Shelley Swaim: Explorer of memories
print-making and mixed media paintings, Swaim incorporates these artifacts into her art. Washing photographs, blowing up root stems, strands of hair and models of painted antique dolls, Swaim's art could be described as three dimensional in a spectrum of ways. "Almost everything has been done," observed Swaim. "What makes art is the stories behind the maker which seep into the work."
"In a way, it doesn't matter what it starts out as," said Swaim. "It really doesn't matter that it comes from me or if it comes from a person at all to some degree," In such an exacting art as print-making, in which Swaim goes over and over her morphing projects, re-tinting, re-editing, re-etching and re-visiting constantly, avoiding over-kill is a challenge.
"I'd have a problem where I wouldn't know when to stop," said Swaim. "Now I know when I'm finished when I walk away and look at it from a distance and it affects me. Sometimes, I leave my work out and watch people who don't know me look at it and see if there's an emotional reaction (in them). My goal is to stop people in their tracks; for my work to become so anthropomorphic that it screams at their periphery."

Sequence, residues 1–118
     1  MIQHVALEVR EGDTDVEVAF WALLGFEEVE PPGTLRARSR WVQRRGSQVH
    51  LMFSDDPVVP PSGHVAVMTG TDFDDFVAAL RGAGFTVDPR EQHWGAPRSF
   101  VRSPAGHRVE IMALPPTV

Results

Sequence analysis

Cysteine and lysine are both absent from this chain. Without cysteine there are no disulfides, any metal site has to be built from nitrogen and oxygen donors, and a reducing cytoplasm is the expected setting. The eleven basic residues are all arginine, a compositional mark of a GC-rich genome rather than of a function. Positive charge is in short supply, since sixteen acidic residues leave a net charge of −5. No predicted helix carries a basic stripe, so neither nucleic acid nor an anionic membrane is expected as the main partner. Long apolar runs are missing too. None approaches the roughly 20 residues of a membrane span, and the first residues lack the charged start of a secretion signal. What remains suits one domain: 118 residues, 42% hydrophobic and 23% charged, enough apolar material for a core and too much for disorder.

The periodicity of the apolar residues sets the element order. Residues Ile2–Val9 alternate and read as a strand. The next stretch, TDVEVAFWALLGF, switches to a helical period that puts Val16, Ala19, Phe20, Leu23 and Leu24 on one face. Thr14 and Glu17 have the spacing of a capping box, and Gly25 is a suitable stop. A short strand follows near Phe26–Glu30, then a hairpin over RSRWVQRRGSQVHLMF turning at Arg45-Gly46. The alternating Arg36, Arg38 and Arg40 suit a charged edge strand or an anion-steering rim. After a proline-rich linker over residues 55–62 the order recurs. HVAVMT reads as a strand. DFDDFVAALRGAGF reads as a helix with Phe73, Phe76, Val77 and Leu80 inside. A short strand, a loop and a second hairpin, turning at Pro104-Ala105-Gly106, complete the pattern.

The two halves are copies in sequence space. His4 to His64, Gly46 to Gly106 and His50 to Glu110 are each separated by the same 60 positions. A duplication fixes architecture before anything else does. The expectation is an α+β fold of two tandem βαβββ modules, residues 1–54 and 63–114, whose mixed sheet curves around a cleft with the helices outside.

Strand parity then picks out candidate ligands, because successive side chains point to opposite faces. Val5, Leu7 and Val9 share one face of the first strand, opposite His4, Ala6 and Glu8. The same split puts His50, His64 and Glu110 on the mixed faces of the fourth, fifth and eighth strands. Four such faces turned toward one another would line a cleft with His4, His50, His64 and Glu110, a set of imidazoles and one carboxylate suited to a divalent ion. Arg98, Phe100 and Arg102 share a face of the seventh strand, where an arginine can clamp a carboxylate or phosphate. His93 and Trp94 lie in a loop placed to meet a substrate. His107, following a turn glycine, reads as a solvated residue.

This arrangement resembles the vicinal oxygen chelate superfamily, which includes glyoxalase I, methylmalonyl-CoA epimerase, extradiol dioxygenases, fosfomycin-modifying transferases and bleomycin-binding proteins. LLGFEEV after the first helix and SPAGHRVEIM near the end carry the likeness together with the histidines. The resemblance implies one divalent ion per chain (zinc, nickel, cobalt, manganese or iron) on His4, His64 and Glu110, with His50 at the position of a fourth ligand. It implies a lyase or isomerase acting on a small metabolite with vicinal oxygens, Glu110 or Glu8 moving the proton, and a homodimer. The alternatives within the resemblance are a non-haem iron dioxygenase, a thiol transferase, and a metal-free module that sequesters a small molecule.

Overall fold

"If it truly becomes a fetish object," said Swaim, "it is no longer about me or my making it. It becomes its own entity."
Ever fascinated by iconography, Swaim looks towards her future somewhat un-technically. "If I opened myself up to fine arts, there'd be many jobs," said Swaim. "But what really interests me is meeting and working with a lot of people." Swaim adds that she can have very spiritual experiences when making art. She is considering possibly teaching, or taking a fellowship for awhile.
"I'm really interested in how people haunt each other as they live, and to see what survives," said Swaim. "There's something painfully beautiful about discovering someone. But sometimes, when they aren't here, we discover them through objects."